With Basil Rathbone, Nigel Bruce, Evelyn Ankers, Henry Daniell, Thomas Gomez
Directed by John Rawlins
Black and White
Reviewed by JB

    By 1942, Universal Studios was basking in the success of their newly launched series of Abbott and Costello films, as well as their successful revival of the movie monster genre.  With the success of 20th Century Fox's two Sherlock Holmes films as well as a popular Holmes radio program also starring Basil Rathbone and Nigel Bruce, Universal hired the pair to reprise their characterizations of Sherlock Holmes and Dr. Watson for a new series of films set in modern times, in which, for the first few films at least, Holmes would work with the British government to foil Nazi plans.

     In THE VOICE OF TERROR, Holmes is called upon to uncover the identity of the title character, who taunts the British public daily in radio broadcasts with news of imminent terrorist attacks upon military targets.  As in Fox's HOUND OF THE BASKERVILLES and THE ADVENTURES OF SHERLOCK HOLMES, Rathbone is the perfect Holmes, inhabiting the part he was put on this earth to play (much to his dismay later in life).  The oafishness of Nigel Bruce's Doctor Watson, an oafishness found nowhere in the original stories, is downplayed in this film.  He may remain eternally clueless, but he's not a bumbling fool.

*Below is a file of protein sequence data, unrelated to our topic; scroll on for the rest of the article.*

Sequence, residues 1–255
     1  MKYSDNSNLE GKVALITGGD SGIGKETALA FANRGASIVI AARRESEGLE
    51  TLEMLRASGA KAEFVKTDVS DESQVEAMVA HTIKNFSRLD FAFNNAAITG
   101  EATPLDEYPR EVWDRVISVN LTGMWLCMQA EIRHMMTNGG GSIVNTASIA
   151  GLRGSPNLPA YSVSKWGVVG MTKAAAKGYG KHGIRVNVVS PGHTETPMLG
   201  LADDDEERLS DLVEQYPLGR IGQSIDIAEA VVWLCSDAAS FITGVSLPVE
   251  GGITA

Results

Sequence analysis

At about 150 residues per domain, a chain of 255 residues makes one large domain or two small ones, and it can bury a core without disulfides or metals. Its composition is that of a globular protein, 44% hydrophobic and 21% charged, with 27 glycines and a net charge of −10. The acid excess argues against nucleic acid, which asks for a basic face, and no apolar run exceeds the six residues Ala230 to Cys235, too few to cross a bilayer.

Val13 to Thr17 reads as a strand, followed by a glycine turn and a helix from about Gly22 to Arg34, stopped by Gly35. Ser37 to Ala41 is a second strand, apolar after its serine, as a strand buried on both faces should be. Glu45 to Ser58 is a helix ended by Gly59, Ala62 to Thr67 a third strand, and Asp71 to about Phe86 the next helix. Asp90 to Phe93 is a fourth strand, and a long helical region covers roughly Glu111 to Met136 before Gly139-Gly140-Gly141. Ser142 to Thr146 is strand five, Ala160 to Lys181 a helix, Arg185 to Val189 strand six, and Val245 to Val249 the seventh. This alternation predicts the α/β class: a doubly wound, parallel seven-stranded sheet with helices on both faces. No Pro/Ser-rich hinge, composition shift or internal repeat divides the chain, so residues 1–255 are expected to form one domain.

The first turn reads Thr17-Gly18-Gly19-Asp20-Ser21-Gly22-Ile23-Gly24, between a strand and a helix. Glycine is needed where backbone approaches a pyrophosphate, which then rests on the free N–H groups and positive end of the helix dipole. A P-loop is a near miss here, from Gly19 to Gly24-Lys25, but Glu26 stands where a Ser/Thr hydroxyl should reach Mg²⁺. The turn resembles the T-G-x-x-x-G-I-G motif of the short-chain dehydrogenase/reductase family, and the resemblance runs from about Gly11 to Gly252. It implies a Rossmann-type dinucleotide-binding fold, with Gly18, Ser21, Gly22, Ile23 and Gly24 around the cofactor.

On a smaller budget than the Fox films, THE VOICE OF TERROR nevertheless stands up to those films. One thing Universal knew how to do was "shadowy foreboding" (see HOLD THAT GHOST or THE WOLF MAN for proof) and THE VOICE OF TERROR is chock full of dark alleys and poorly-lit pubs, where death and danger can easily hide.  The story itself is not so much of a mystery, but Rathbone's performance and John Rawlins's direction make this one a fine beginning to the Universal Holmes series. 3½

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